MemcachedMemcached support.–without-http_memcached_module
ProxyProxy to upstream servers.–without-http_proxy_module
RefererFilter requests based on Referer header.–without-http_referer_module
RewriteRequest rewriting using regular expressions.–without-http_rewrite_module
SCGISCGI protocol support.0.8.42–without-http_scgi_module
Split ClientsSplits clients based on some conditions0.8.37–without-http_split_clients_module
SSIServer-side includes.–without-http_ssi_module
UpstreamFor load-balancing.–without-http_upstream_ip_hash_module (ip_hash directive only)
User IDIssue identifying cookies.–without-http_userid_module
uWSGIuWSGI protocol support.0.8.40–without-http_uwsgi_module
X-AccelX-Sendfile-like module.

Table 1: Standard HTTP modules

For a list of option HTTP modules, refer to Table 2 [5]:

Name

Description

Version

configure argument to enable

AdditionAppend text to pages.–with-http_addition_module
Auth RequestImplements client authorization based on the result of a subrequest.1.5.4–with-http_auth_request_module
DegradationAllow to return 204 or 444 code for some locations on low memory condition.0.8.25–with-http_degradation_module
Embedded PerlUse Perl in Nginx config files.0.3.21–with-http_perl_module
FLVFlash Streaming Video0.4.7–with-http_flv_module
GeoIPCreates variables with information from the MaxMind GeoIP binary files.0.8.6, 0.7.63–with-http_geoip_module
Google PerftoolsGoogle Performance Tools support.0.6.29–with-google_perftools_module
Gzip PrecompressionServes precompressed versions of static files.0.6.23–with-http_gzip_static_module
GunzipOn-the-fly decompressing of gzipped responses.1.3.6–with-http_gunzip_module
Image FilterTransform images with Libgd0.7.54–with-http_image_filter_module
MP4Enables mp4 streaming with seeking ability.1.1.3, 1.0.7–with-http_mp4_module
Random IndexRandomize directory indexes.0.7.15–with-http_random_index_module
Real IPFor using nginx as backend0.3.8–with-http_realip_module
Secure LinkProtect pages with a secret key.0.7.18–with-http_secure_link_module
SSLHTTPS/SSL support.–with-http_ssl_module
Stub StatusView server statistics.0.1.18–with-http_stub_status_module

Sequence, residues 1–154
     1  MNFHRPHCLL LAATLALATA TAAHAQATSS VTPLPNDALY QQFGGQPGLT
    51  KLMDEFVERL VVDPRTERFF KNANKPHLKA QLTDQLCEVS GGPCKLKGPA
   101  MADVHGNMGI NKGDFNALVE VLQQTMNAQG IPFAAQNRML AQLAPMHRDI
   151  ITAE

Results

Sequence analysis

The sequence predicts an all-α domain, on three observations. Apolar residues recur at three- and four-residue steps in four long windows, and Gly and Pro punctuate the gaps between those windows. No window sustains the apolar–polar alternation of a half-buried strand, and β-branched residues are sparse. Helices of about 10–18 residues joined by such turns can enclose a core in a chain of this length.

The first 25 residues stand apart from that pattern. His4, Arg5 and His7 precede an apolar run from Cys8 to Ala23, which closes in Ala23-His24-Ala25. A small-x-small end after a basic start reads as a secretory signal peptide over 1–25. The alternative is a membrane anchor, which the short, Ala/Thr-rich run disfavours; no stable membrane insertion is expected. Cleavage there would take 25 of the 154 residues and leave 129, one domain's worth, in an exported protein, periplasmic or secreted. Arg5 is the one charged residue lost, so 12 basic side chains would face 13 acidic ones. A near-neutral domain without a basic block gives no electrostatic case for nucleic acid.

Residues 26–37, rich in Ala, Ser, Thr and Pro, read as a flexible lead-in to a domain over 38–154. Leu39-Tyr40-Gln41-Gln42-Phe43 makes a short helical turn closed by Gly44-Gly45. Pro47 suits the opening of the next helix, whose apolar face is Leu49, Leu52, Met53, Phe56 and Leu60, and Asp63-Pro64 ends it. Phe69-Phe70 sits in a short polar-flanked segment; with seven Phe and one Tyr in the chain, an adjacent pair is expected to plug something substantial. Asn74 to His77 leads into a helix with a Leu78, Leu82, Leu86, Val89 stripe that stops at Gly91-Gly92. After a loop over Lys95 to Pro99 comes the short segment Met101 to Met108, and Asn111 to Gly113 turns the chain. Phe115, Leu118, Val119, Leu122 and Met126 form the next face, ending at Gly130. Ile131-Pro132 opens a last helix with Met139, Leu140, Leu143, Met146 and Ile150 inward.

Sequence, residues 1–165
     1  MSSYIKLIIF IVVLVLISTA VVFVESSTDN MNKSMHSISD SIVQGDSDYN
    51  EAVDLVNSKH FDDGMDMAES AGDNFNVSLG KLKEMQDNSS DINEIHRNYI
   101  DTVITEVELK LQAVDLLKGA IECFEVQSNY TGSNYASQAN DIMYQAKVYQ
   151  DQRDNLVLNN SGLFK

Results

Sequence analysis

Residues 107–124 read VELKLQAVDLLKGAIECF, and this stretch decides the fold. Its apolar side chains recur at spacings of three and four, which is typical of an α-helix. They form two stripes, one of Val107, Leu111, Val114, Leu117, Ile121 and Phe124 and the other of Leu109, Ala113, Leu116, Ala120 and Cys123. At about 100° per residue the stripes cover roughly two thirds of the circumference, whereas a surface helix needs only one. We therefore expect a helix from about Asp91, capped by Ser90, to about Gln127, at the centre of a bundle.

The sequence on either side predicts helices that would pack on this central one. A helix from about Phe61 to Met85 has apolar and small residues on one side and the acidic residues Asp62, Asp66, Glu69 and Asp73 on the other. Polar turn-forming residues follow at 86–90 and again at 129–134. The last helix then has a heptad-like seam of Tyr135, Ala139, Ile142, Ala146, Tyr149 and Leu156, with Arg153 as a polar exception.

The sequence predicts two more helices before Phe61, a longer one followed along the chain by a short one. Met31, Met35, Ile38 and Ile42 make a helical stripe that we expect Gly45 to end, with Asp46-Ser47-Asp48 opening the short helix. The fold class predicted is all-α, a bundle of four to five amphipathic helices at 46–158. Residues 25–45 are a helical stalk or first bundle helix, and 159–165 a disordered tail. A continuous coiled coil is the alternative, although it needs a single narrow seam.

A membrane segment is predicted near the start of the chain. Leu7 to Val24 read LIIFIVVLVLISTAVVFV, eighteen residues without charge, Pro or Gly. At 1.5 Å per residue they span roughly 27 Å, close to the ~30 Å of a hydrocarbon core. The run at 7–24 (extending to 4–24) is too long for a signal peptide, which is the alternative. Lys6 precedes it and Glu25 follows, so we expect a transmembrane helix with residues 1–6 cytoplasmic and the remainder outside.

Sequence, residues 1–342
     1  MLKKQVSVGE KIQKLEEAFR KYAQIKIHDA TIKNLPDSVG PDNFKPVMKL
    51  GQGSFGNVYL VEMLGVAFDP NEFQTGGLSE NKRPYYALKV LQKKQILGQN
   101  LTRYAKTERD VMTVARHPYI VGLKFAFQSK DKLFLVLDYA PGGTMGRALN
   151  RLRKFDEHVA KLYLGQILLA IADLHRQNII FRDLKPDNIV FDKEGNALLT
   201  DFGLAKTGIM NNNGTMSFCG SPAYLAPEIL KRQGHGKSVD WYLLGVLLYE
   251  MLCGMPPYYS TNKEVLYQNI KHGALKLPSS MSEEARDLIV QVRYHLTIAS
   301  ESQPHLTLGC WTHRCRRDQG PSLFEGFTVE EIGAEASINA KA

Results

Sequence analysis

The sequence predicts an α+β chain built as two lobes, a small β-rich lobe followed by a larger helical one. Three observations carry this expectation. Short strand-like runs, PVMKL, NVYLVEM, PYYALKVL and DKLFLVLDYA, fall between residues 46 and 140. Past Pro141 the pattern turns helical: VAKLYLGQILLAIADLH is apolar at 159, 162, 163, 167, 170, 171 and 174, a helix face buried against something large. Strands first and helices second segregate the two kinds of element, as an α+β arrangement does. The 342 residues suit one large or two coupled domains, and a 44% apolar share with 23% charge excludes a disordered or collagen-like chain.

SubstitutionReplace text in pages–with-http_sub_module
WebDAVWebDAV pass-through support.0.3.38–with-http_dav_module
XSLTPost-process pages with XSLT.0.7.8–with-http_xslt_module

Table 2: Optional HTTP modules

For a list of mail modules, refer to Table 3 [6]:

Name

Description

configure argument

Mail CoreCore parameters for mail module.–with-mail
POP3POP3 settings.–without-mail_pop3_module
IMAPIMAP settings.–without-mail_imap_module
SMTPSMTP settings.–without-mail_smtp_module
Auth HTTPUse Nginx to authenticate mail services.
ProxyNginx can proxy IMAP, POP3, and SMTP protocols.
SSLThis module ensures SSL/TLS support for POP3/IMAP/SMTP.–with-mail_ssl_module

Table 3: Mail modules

As an example, we will recompile Nginx to include the Addition module (see Fig. 18):

Figure 18: Recompiling Nginx with the Addition module

7. Adding Nginx as a system service

  • Debian / Ubuntu: update-rc.d –f nginx defaults (use sudo on Ubuntu)

Note: If any files /etc/rcrunlevel.d/[SK]??name already exist then update-rc.d does nothing. The program was written this way so that it will never change an existing configuration, which may have been customized by the system administrator. The program will only install links if none are present, i.e., if it appears that the service has never been installed before [7].

  • CentOS: chkconfig nginx on
[1] Sept. 2013 Web Server Survey, http://news.netcraft.com/archives/2013/09/05/september-2013-web-server-survey.html
[2] download page, http://nginx.org/download/
[3] Nginx wiki, http://wiki.nginx.org/Modules
[4] Nginx modules, http://wiki.nginx.org/Modules
[5] Nginx modules, http://wiki.nginx.org/Modules
[6] Nginx modules, http://wiki.nginx.org/Modules
[7] Man page update-rc.d